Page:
How is Retirement Changing in 2013?
By Angela Sanders Monday, October 28, 2013, 06:53 AM EDT
Although there is always a turbulent financial climate around the world of retirement, things have been starting to look better in the past few months. Small saving deposits that used to be lost when people changed employer are now to be carried over into new jobs, meaning that people can now have up to an extra £2000 a year during their retirement years.
This change means that older people will be more independent and less reliant on a state pension when they get to an age where they’d need it, although what it doesn’t consider is the huge variation of pension requirements that are based on where the person lives.
In another article from Express, they argue a ‘postcode lottery’, which sees people living longer in certain areas, therefore raising the amount of cash they need to use for retirement. Figures suggest that places like East Dorset, which has the longest life expectancy in the UK, will see people spending nearly seventy thousand pounds more in their lifetime than people living in poor, urban areas such as greater Manchester. This obviously has a lot of variations within it, such as sex, occupation and lifestyle choices, but is still a staggeringly difference, especially considering that lots of this comes from state pensions.
A change in retirement solutions
These changes are making people think more about where they live when they get older. There is already a sense of wanting to move away from the stagnant and bland retirement homes that don’t seem to have changed since the 70s, with cultural and activity-based expectations becoming higher. Care homes from www.extracare.org.uk have recognised this lack in facilities that other people offer and tried to meet them. There is a big focus on keeping residents active, both physically and socially, to help ensure that everyone has the best time possible.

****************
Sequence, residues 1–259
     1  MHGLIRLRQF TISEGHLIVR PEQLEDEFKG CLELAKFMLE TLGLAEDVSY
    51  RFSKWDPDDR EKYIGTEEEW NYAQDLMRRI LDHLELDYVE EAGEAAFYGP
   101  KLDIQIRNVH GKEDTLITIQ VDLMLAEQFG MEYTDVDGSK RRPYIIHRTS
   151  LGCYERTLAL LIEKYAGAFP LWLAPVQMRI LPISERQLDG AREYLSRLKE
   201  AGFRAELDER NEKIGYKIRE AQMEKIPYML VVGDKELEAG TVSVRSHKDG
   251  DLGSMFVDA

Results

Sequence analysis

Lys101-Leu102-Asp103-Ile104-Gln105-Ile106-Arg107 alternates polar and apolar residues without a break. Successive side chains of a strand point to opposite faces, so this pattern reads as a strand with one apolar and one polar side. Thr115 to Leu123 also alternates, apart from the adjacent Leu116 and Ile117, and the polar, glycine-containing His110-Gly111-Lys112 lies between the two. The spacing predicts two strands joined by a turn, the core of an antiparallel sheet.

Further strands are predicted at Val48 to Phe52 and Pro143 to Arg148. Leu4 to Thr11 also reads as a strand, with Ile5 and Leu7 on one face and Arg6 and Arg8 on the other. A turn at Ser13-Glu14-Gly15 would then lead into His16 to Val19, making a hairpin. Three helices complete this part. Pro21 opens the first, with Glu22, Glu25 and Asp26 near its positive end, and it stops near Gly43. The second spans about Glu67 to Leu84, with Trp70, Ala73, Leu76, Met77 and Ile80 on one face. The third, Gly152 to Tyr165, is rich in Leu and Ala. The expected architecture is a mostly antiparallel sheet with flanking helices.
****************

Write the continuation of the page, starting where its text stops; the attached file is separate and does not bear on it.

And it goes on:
Aside from any aesthetic changes to retirement houses, the biggest changes are in what’s being done there. Extracare now focuses a lot on IT skills and digital activities, as well as contemporary exercise like Tai Chi, to help modernise an otherwise placid and unchanging business.
This is perhaps the most important form of improvement that we’re seeing this year. Although we’re well into the digital age, there are undoubtedly regions of our society that take a little longer to catch up with everyone else. The generational gap of the people making this technology and elderly people using it can be large, so it can take some time to get used to it.
As we saw that there are significant health benefits to where you choose to spend your retirement time, you should consider that quiet rural locations will increase your quality of life by slowing everything down a bit and reducing the stress of the day to day.
Extracare locations are generally situated around the Midlands and Northwest. While there are a lot of locations in central Birmingham which cater to people who wish to stay close to their family, there are also places further out that aren’t in such busy, metropolitan areas.